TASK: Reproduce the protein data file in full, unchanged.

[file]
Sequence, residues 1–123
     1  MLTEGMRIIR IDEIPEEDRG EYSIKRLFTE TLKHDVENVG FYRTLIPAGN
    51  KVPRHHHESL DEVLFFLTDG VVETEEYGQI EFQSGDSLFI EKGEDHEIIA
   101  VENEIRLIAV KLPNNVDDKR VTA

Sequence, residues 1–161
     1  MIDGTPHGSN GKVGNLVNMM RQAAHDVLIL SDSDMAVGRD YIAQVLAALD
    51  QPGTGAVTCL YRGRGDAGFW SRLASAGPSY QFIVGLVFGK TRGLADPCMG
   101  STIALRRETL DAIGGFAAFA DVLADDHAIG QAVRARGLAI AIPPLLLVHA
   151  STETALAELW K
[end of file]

Sequence, residues 1–123
     1  MLTEGMRIIR IDEIPEEDRG EYSIKRLFTE TLKHDVENVG FYRTLIPAGN
    51  KVPRHHHESL DEVLFFLTDG VVETEEYGQI EFQSGDSLFI EKGEDHEIIA
   101  VENEIRLIAV KLPNNVDDKR VTA

Sequence, residues 1–161
     1  MIDGTPHGSN GKVGNLVNMM RQAAHDVLIL SDSDMAVGRD YIAQVLAALD
    51  QPGTGAVTCL YRGRGDAGFW SRLASAGPSY QFIVGLVFGK TRGLADPCMG
   101  STIALRRETL DAIGGFAAFA DVLADDHAIG QAVRARGLAI AIPPLLLVHA
   151  STETALAELW K